The exception was the former Maxime cinema in Blackwood. The Maxime had been converted to a two screen studio cinema in the former balcony area, partitioning part of the original ground floor foyer to facilitate a dedicated entrance and stairs to the original balcony lobby. Creating a self-contained studio cinema complex. The conversion was of a high standard and probably the best conversion of its type in the mid-seventies.

Meanwhile the former stalls area was converted for bingo use, utilising the remainder of the original ground floor foyer as a dedicated entrance to the bingo club.

The studio cinemas continue to operate for about ten years, with the assistance of local authority funding paid to Rank. Eventually Rank successfully argued for the closure of the two screen studio cinema, on the grounds it was not financially viable. Once the cinemas were closed, the balcony was converted to use as part of the bingo club in the former stalls. Some years later, Rank sold the Bingo hall local competitor, Top Ten Bingo. The bingo Hall continued to operate with various owners until October 2013 when the operator sold the venue together with a number of others in the area. The former Maxime cinema has been bought by a cinema exhibitor who plans to restore the venue and return it back to use as a four or five screen cinema, 25 years after it ceased showing films altogether.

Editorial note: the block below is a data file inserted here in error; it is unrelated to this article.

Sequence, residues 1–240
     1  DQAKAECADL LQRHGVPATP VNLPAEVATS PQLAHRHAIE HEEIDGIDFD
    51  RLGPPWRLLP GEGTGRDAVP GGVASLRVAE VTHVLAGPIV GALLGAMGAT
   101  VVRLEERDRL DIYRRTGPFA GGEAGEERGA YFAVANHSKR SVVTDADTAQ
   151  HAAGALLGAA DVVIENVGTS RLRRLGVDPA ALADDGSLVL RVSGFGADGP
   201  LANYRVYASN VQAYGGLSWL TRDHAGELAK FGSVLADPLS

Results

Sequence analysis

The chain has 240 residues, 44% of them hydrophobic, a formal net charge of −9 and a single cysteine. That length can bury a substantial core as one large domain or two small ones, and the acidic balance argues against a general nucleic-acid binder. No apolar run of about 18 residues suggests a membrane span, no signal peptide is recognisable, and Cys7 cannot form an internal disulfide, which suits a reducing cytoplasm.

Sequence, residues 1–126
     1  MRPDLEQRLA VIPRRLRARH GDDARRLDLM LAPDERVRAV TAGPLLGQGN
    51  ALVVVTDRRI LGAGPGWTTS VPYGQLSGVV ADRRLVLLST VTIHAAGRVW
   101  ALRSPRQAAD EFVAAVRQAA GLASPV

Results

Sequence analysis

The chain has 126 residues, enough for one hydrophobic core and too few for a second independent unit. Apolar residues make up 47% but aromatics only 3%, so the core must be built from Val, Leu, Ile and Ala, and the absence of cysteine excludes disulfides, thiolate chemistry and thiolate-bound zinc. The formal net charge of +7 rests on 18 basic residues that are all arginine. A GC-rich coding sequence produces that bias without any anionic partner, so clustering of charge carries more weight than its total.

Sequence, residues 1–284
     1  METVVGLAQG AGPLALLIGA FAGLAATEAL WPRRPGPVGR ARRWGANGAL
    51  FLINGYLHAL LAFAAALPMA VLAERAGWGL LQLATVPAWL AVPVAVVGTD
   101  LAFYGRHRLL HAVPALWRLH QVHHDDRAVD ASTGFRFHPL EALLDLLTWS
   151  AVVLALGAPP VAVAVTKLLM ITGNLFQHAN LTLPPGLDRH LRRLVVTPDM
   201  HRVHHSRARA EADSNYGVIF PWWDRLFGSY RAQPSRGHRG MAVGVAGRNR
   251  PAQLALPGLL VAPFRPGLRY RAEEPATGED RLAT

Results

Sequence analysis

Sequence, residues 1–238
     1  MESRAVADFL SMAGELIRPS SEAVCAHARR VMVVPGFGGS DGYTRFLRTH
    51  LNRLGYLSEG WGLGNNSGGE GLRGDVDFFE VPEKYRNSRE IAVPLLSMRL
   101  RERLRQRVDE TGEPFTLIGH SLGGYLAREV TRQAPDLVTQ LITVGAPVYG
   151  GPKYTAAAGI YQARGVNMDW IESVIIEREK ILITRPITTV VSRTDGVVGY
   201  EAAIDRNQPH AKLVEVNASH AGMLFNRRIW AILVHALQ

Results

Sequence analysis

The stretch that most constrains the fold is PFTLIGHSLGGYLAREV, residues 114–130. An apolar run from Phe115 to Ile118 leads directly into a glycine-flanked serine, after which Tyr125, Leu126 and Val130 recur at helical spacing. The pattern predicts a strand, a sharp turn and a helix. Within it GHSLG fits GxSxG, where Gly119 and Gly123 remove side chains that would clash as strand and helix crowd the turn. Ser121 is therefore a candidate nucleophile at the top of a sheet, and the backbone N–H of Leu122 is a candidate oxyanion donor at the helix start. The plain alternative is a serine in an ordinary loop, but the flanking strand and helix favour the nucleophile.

Sir Julian Hodge died peacefully in his sleep, at his home in Jersey on the 17th of July 2004, just three days before his 100th Birthday. During my research of his involvement with cinema in Wales and particularly The Jackson Withers Circuit, formerly the Wales & West Circuit, I spoke with Sir Julian by telephone and agreed to a face to face meeting to discuss the business in depth. In addition I had very similar conversation and agreement with another Director of the cinemas and friend of Sir Julian, unfortunately both men died prior to the actual agreed meeting.